In between I’ve been following everyone’s photo uploads to facebook and processing my own photos.  I’m still on day 1.  I’ve downloaded a trial of Lightroom to play around with based on a recommendation. (Anyone else use Lightroom or have alternative recommendations for photo processing for novices?)

As I’ve recuperated, I’ve been processing what it’s like being home and this is the current list of things I am grateful for (the list is pretty spotty):

  1. Being able to drink water from the bathroom.
  2. Being able to choose what foods I eat.
  3. Downtime.

I captured 4000 photos and videos of my travels with the greater emphasis on birds (obviously).  I’ve spent considerable time processing how I want to share these and haven’t reached any decision yet.  But for now here’s a taste from my first day:

Frigatebird soars over Playa Mann.

Frigatebirds soar over Playa Mann, San Cristobal, Galapagos, Ecuador. Taken January 4th, 2014.

Also, I saw *lots* of birds, but I don’t have the official count yet.

Renewed Resolve

It’s late and I’ve spent most of the day procrastinating and packing, so this will be the shortest post ever.

2014 Birding Resolutions:

  • Continue working on warbler identification.
  • Work on identification by song.
  • Learning more about my camera and how to take better photos. (from Prairie Birder)

Reflections

2013 by the Numbers

  • 200 birds this year, picking up the 200th bird during a CBC.
  • 212 life birds in NJ.
  • 66 new life birds.

2013 was a a good benchmark year. It gave me a sense of where my birding skills stand, what I need to work on improving. I gained valuable experience birding on my own and with others.

Barn Swallow reflection.

Barn Swallow reflection.

I started off 2013 with renewed interest in birding and set three goals for myself:

1. Bird at least 1x per month in Union Co., NJ
2. Use ebird.org to record observations
3. Learn warblers

Goal #1: Fail. I birded all of 1 month in Union.  I didn’t anticipate the toll working far from home would take.  My commute was an hour in the morning and closer to 90 minutes on the return drive.  Doesn’t leave much time for birding. That plus going to school full-time and finishing a thesis. Then I moved out in June and haven’t returned to bird as there have been other, better locations for birding.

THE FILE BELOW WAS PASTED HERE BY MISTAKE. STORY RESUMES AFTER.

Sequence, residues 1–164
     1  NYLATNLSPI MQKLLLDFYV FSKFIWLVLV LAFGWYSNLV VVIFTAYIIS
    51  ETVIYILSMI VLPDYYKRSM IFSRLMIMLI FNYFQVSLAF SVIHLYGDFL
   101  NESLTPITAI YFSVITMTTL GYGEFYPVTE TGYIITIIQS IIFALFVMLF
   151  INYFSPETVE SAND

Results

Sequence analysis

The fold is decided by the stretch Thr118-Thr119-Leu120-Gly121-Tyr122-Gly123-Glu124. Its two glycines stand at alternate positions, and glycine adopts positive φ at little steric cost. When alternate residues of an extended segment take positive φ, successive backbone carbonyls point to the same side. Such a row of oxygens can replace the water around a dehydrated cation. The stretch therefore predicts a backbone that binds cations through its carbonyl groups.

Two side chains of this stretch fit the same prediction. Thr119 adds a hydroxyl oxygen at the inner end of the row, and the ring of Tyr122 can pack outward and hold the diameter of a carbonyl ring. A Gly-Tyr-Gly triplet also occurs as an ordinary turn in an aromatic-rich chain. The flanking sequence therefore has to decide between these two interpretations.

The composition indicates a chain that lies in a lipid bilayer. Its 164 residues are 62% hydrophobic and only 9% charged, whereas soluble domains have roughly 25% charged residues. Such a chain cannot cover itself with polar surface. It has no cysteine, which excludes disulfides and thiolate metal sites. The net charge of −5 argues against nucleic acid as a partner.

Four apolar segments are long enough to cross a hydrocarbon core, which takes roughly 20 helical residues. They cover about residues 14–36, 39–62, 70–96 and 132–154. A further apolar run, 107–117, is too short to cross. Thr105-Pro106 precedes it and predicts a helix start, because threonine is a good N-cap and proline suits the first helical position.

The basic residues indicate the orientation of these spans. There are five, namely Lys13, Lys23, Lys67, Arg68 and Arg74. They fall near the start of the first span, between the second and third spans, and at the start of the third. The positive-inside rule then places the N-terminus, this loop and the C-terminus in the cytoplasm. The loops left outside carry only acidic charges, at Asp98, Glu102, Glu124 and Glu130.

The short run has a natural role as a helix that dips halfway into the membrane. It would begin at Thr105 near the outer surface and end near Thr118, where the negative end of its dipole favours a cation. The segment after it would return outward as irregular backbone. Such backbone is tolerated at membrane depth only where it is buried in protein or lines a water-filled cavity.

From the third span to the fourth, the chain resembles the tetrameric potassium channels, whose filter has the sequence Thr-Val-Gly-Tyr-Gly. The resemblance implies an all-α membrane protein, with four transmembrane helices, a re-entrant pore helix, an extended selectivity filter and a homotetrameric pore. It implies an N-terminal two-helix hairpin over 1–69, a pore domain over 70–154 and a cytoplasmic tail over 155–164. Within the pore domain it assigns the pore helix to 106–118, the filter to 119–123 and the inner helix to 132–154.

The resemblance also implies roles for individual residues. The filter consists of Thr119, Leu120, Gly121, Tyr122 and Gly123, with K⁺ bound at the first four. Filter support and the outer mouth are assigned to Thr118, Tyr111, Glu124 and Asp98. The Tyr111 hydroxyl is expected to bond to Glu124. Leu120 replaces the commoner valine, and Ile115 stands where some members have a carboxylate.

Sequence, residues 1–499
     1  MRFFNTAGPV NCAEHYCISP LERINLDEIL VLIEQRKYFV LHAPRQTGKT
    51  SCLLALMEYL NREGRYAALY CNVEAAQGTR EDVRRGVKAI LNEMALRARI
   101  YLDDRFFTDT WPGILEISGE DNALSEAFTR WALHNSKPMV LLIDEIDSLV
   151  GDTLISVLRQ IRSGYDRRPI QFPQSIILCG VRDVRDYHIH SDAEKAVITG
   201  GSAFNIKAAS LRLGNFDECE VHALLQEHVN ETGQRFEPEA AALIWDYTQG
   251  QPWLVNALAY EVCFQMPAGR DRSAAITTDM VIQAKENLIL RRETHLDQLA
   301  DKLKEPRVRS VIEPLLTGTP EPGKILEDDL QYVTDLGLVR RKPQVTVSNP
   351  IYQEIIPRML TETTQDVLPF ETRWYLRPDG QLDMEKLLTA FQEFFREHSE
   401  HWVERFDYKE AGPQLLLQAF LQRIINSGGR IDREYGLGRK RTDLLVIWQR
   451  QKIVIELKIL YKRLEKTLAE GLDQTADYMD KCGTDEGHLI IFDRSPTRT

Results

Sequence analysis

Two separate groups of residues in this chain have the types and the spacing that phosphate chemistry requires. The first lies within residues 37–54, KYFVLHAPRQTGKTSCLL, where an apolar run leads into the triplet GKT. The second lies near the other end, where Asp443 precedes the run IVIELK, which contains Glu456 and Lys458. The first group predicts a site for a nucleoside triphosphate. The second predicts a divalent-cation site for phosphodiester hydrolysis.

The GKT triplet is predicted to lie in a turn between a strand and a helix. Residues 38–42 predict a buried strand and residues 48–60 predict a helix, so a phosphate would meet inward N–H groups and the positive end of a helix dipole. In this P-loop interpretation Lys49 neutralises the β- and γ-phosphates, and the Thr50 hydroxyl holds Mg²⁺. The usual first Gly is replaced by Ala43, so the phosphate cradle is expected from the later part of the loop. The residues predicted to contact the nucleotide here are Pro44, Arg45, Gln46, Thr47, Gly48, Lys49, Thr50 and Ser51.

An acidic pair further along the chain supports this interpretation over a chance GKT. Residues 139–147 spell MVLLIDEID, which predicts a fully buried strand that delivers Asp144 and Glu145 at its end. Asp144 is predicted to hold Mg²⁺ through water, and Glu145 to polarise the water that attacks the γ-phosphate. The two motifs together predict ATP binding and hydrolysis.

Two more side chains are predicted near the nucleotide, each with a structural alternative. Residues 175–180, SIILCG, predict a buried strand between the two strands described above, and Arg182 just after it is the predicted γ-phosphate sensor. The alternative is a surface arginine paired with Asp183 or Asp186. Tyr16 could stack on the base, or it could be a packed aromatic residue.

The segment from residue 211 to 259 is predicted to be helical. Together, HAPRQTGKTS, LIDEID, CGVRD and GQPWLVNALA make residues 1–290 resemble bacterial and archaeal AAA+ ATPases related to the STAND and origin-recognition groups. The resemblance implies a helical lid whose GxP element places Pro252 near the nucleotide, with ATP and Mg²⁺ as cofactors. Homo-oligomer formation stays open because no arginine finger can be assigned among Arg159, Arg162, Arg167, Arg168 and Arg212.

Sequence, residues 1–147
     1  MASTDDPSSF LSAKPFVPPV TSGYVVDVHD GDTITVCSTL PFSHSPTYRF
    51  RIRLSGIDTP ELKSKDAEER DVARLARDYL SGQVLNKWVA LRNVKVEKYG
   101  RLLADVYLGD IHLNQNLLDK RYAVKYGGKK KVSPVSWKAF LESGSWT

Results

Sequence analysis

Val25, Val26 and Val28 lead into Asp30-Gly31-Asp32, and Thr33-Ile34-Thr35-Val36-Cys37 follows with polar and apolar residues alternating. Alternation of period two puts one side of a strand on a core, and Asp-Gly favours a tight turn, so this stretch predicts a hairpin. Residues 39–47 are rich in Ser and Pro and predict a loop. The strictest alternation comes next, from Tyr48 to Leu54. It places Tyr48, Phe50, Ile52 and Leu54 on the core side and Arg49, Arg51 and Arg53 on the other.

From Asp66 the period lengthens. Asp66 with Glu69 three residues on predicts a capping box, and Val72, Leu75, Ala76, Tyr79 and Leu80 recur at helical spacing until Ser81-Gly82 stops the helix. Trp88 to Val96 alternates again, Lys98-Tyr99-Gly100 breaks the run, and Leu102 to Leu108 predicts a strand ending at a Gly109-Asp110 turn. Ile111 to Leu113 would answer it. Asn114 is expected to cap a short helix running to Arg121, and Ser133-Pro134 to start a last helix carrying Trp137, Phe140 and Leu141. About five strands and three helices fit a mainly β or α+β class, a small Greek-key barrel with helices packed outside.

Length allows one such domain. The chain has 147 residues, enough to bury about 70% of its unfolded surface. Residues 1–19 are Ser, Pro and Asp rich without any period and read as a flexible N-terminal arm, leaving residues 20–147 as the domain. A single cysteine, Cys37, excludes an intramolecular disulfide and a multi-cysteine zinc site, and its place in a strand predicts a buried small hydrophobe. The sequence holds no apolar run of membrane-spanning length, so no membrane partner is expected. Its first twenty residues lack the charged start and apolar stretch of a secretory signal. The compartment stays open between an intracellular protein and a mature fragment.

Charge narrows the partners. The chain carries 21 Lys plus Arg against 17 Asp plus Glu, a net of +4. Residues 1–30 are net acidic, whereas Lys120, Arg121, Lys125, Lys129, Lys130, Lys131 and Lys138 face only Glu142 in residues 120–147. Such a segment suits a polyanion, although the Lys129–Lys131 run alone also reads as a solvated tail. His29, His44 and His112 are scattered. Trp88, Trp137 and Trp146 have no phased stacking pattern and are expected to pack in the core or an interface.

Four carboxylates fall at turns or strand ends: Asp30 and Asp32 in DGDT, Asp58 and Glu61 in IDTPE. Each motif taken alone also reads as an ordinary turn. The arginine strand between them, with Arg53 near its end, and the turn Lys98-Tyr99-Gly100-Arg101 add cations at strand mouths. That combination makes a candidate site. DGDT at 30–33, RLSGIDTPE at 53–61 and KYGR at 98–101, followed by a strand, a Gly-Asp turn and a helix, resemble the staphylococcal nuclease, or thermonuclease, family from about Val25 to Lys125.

Goal #2: Success.  As of the 27th, I’ve submitted 223 lists for the year. More detailed breakdown at the end of the post

Yellow Warbler laments a lack of leaves.

Yellow Warbler. May 2013. Tallman State Park, NY.

Goal #3: Some success. It’ll be an ongoing processes, but a fun one! Saw 22 warbler species this year, whereas I had only seen seven previously.  I saw a few more that were very blurry blobs that I didn’t feel were fair to count and I can’t promise I’d recognize them all again, but at least it’s a start.

month # lists #species  best bird
January  50 70 Red-throated Loon
February  34 52 Pink-footed Goose
March  25 60 Snow Bunting
April  22 48 Black-and-white Warbler
May  24 114 Blue-winged Warbler
June  16 64 Willow Flycatcher
July  5 37 Green Heron
August  22  65 Spotted Sandpiper
September  4  72 American Avocet
October  8  57 Yellow-bellied Sapsucker
November  5  63 Purple Sandpiper
December  8  79 Short-eared Owl
Year 223 200  Barred Owl

Now I need to figure out some new goals for 2014 which ideally should reflect that transient nature of my life at the moment.  But I’ll be starting off the year with a blast, somewhere far from cold, cold New Jersey.